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One in five failed to act over child abuse

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One in five failed to act over child abuse

One in five adults did not act when concerned about a child being abused or neglected, according to a survey.

The findings of the YouGov poll, conducted for the NSPCC, show 30% of UK adults have had concerns that made them think a child may be experiencing abuse or neglect, but of these around one in five did not take any action.

For those who did not voice concerns, 38% said they did not report suspicions because they were not sure what was happening was abuse, 37% said they could not prove their theory, 32% said they were worried they had misinterpreted and 29% thought it would make the situation worse.

The NSPCC commissioned YouGov to survey 3,999 adults between January 3 and 5 as part of its Listen up, Speak up campaign, which aims to teach adults what to do in a scenario where a child could be at risk.

NSPCC chief executive Sir Peter Wanless said: “All of us come across children in our daily lives, be this in our neighbourhoods, at our places of work, on our commute or at the supermarket.

“At the NSPCC we understand it can be hard to know what to do in a situation where you have a niggling concern about a child’s wellbeing.

“Findings from our survey show 73% agree that there is a lack of training on what individuals can do to prevent child abuse and neglect, which is where our Listen up, Speak up programme can help.

“In just 10 minutes, you can equip yourself with a little bit of knowledge which can go a long way in helping to keep children and young people safe.”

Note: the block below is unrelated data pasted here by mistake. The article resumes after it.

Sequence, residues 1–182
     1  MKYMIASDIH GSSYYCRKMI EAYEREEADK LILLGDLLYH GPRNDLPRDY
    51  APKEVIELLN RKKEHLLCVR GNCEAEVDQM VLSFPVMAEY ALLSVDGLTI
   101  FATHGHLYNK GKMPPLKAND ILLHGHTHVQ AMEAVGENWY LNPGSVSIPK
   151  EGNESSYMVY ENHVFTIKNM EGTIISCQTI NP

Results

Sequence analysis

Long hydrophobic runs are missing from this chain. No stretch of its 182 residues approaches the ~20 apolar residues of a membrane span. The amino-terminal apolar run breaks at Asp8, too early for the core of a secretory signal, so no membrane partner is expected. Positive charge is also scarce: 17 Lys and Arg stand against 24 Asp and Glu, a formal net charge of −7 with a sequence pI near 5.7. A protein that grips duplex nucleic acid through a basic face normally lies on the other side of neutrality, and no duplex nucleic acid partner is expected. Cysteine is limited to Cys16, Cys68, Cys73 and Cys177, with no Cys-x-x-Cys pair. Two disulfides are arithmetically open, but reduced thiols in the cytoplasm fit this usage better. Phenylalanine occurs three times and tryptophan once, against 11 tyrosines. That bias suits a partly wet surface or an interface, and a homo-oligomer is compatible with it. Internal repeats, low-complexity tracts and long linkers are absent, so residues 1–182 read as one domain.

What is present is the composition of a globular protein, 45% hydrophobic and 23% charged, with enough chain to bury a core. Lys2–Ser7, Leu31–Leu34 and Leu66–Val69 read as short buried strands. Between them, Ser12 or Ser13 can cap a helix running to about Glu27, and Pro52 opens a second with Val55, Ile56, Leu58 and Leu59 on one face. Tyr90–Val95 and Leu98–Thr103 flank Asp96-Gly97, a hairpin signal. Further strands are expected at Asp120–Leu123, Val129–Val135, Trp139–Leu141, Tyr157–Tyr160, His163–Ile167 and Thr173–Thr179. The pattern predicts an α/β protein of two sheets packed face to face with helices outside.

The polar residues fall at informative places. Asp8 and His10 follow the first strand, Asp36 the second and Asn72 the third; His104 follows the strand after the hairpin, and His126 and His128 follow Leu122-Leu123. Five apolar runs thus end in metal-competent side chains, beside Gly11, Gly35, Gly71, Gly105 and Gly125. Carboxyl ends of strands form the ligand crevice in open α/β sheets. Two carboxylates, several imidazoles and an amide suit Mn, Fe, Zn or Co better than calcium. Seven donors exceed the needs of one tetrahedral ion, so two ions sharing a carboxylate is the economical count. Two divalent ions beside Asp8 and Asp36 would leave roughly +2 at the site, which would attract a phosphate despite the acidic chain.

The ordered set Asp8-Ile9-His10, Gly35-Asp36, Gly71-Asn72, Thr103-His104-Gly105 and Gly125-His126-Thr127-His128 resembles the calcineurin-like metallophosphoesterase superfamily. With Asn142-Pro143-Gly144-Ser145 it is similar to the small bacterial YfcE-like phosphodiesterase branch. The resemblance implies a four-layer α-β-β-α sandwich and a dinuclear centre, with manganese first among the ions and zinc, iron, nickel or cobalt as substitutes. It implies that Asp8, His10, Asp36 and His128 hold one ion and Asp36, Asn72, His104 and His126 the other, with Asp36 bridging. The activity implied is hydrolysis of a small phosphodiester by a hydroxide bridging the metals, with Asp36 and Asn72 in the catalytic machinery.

The campaign encourages people to complete 10-minute digital training or take part in a local workshop being delivered in schools, businesses and community organisations across the UK.

Participants are taught some of the signs a child might be at risk, how to approach difficult conversations and who to contact if they are concerned about a child or their family.

Further contact shares more advice on how to listen to and support children and families, and will introduce some helpful services and resources such as the NSPCC helpline.

This includes advice on everyday challenges families may be facing, such as bonding with their baby, parental mental health and keeping their children safe online.

The charity says more than 25,000 people have so far signed up to Listen up, Speak up.

An NSPCC real life story volunteer, who is an advocate of Listen up, Speak up, said: “When I was in a perilous position at five months old, the community came to my rescue. One lady immediately gave me the baby food I urgently needed.

“This was followed by presents of clothes from others in the street. One neighbour eventually adopted me. Along with the authorities, my local community played a vitally important role in my welfare.

“They didn’t wait or debate or decide it wasn’t their business. They intervened and it meant I am here today.”

The NSPCC is a children’s charity committed to ending child abuse in the UK and Channel Islands which relies on voluntary donations for 90% of its funding.

Published: by Radio NewsHub

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